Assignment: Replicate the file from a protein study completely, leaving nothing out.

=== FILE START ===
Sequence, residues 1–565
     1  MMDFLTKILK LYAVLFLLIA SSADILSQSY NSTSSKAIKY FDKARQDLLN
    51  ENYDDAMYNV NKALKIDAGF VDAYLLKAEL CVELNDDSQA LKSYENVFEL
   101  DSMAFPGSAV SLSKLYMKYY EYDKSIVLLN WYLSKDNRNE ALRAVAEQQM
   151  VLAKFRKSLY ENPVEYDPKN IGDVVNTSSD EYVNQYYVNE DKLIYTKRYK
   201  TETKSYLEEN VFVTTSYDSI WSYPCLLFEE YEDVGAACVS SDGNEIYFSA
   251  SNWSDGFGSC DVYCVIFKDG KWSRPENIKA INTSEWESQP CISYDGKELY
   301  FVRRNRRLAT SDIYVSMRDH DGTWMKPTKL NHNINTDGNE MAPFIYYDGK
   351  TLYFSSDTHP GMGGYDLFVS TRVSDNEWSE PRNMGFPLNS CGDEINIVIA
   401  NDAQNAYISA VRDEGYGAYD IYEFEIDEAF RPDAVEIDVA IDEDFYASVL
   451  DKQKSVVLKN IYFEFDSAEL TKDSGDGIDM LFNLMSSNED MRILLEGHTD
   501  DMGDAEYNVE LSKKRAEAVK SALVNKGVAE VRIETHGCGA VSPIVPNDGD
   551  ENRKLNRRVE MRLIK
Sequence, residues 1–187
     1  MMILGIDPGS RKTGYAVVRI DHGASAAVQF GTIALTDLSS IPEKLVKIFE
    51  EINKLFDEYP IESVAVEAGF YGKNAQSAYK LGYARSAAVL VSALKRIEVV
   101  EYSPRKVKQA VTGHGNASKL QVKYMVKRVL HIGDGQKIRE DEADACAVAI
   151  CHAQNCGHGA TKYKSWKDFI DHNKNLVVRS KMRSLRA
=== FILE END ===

Sequence, residues 1–565
     1  MMDFLTKILK LYAVLFLLIA SSADILSQSY NSTSSKAIKY FDKARQDLLN
    51  ENYDDAMYNV NKALKIDAGF VDAYLLKAEL CVELNDDSQA LKSYENVFEL
   101  DSMAFPGSAV SLSKLYMKYY EYDKSIVLLN WYLSKDNRNE ALRAVAEQQM
   151  VLAKFRKSLY ENPVEYDPKN IGDVVNTSSD EYVNQYYVNE DKLIYTKRYK
   201  TETKSYLEEN VFVTTSYDSI WSYPCLLFEE YEDVGAACVS SDGNEIYFSA
   251  SNWSDGFGSC DVYCVIFKDG KWSRPENIKA INTSEWESQP CISYDGKELY
   301  FVRRNRRLAT SDIYVSMRDH DGTWMKPTKL NHNINTDGNE MAPFIYYDGK
   351  TLYFSSDTHP GMGGYDLFVS TRVSDNEWSE PRNMGFPLNS CGDEINIVIA
   401  NDAQNAYISA VRDEGYGAYD IYEFEIDEAF RPDAVEIDVA IDEDFYASVL
   451  DKQKSVVLKN IYFEFDSAEL TKDSGDGIDM LFNLMSSNED MRILLEGHTD
   501  DMGDAEYNVE LSKKRAEAVK SALVNKGVAE VRIETHGCGA VSPIVPNDGD
   551  ENRKLNRRVE MRLIK
Sequence, residues 1–187
     1  MMILGIDPGS RKTGYAVVRI DHGASAAVQF GTIALTDLSS IPEKLVKIFE
    51  EINKLFDEYP IESVAVEAGF YGKNAQSAYK LGYARSAAVL VSALKRIEVV
   101  EYSPRKVKQA VTGHGNASKL QVKYMVKRVL HIGDGQKIRE DEADACAVAI
   151  CHAQNCGHGA TKYKSWKDFI DHNKNLVVRS KMRSLRA